Umar sighs. does he suffer from the natural. In English he says: “First you paid 1.25 for a pack of rice, now 2.20. All prices are going up.” The 35-year-old Umarr fled from Sierra Leone and ended up in the Netherlands in 2017. His wife and two children are still there.
In his native country, he worked as a technician. He provided the correct wiring in buildings so that a connection could be made. Here in the Netherlands he is not allowed to work. The IND has submitted his asylum application, because Umarr cannot prove sufficiently that he really comes from Sierra Leone. “I really can’t go back, that’s dangerous for me.” A lawyer is working on it.
Umarr lives somewhere in Utrecht, through a foundation. He would prefer to work every day, but that is not so simple. “Sometimes I can take over someone’s newspaper route, or a plumbing job. If you don’t know people who can help you, it’s very difficult to get a job.”
Anyone who can stay in the Netherlands illegally or undocumented cannot arrange anything, because you cannot get a citizen service number (BSN). With a BSN you actually ‘best’, and you can arrange things such as health insurance. Undocumented migrants are completely focused on themselves, private foundations that have been applied for them.
tens of thousands
“We do not know exactly how many undocumented migrants there are in the Netherlands, there will in any case be tens of thousands,” says Rian Ederveen of the LOS foundation (National Undocumented Support Center).
LOS only sees the group that cannot make it themselves, usually asylum seekers who have exhausted their legal remedies. “Then there are two other groups: the Indonesians, Filipinos, Brazilians; who often manage to find work, in cleaning for example. They have large networks and red themselves.” Finally, there are the ‘family migrants’; the people who have traveled to relatives who do reside here legally.
having a network
NRC headlined in mid-September that many Deliveroo and UberEats meal deliverers are illegal. This suggests that it is quite easy to get a job. However, that is disappointing. Ederveen agrees with what Umarr says. “You just have to know someone, have a bit of a network.”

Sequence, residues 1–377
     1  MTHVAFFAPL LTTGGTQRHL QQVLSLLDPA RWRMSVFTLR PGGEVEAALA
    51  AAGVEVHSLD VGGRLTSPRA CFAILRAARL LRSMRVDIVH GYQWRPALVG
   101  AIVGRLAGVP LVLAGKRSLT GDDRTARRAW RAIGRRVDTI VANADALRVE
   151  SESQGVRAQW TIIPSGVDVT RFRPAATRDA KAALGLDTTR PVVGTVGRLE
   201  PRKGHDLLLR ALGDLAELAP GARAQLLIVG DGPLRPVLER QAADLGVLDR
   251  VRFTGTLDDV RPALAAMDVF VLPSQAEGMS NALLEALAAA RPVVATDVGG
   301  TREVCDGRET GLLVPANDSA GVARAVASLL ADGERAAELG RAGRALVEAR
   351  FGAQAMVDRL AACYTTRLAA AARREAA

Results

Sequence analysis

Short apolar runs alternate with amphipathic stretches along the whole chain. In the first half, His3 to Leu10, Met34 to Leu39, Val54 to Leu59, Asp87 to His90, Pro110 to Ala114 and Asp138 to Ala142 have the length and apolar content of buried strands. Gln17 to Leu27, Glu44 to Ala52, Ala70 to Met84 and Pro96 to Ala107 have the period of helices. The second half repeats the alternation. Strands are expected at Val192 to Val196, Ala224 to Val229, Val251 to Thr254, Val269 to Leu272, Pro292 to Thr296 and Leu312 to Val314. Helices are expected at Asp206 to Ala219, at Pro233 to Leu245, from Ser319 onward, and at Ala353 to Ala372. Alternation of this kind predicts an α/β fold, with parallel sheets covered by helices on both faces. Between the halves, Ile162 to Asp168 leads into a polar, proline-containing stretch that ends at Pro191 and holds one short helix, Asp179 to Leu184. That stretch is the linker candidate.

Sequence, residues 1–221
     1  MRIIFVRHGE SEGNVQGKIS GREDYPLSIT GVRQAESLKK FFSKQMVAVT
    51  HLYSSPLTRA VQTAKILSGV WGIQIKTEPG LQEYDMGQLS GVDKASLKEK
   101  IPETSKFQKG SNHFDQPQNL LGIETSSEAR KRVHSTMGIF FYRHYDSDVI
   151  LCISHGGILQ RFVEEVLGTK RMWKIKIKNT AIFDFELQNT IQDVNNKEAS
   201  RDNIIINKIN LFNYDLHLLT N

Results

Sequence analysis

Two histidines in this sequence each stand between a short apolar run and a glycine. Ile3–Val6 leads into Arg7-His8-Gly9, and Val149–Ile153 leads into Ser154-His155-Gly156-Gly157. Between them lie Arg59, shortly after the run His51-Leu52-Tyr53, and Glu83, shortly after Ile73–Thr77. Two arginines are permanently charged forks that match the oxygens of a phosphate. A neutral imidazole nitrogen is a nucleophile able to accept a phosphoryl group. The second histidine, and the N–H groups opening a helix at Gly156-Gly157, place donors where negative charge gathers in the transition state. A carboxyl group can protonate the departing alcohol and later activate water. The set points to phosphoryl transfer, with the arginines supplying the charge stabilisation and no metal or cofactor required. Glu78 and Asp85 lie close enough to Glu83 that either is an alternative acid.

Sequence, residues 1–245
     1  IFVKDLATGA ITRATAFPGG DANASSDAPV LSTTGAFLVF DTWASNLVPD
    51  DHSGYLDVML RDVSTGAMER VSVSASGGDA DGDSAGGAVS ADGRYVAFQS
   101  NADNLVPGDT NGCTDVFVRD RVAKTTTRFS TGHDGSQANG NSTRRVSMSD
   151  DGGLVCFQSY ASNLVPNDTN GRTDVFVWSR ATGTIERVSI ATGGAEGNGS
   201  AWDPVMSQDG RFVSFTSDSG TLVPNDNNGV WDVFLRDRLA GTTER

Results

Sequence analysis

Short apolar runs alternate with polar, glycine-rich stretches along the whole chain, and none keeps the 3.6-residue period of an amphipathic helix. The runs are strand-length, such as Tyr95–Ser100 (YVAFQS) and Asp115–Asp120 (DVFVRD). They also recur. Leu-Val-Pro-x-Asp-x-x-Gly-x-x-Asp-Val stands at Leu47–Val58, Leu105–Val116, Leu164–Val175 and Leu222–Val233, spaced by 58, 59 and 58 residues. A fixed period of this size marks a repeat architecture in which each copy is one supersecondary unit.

Trade union director Herrie Hoogenboom of FNV Migrant Domestic Workers also sees that undocumented migrants are having an extra hard time. “They’re generally very law-abiding people. They live in constant fear of being discovered, so they don’t even go through a red traffic light.”
Hoogenboom stands up for people who still work ‘informally’ (black), for example as cleaners or babysitters. The FNV wants this work to shift to the formal side, so that people can pay tax on their income and also get more rights. In addition, undeclared work is always punishable; both the worker and the employer can receive an additional fine.
Hoogenboom: “As FNV we say: we are about work, not about undocumented migrants. Although we do think that they should be able to earn their money in a legal way.”
“Because they now live in the shadow side, such terrible abuses also exist, where people have to surrender their passports, for example, and are exploited.”
Inflation new blow
Hoogenboom is concerned about the consequences of the shape. The corona was also a difficult time, because many people lost their jobs as cleaners. “We then set up a support fund with which we support people.”
This situation will also prevent the problems again, he thinks. “But in general, our supporters are well organized and they are not directly on our doorstep for help.”
The hardest thing about living without papers? “That you can’t make dreams come true,” says Umarr. “I want to become a plumber, develop myself further in that, but that is almost impossible. While there is enough work.”
The IND would also act much faster, he says. “People are going crazy. I see people who have done that before now drinking and smoking.”
He lives day by day, that’s all he can do. Small bright spot: “At least I’m safe here.”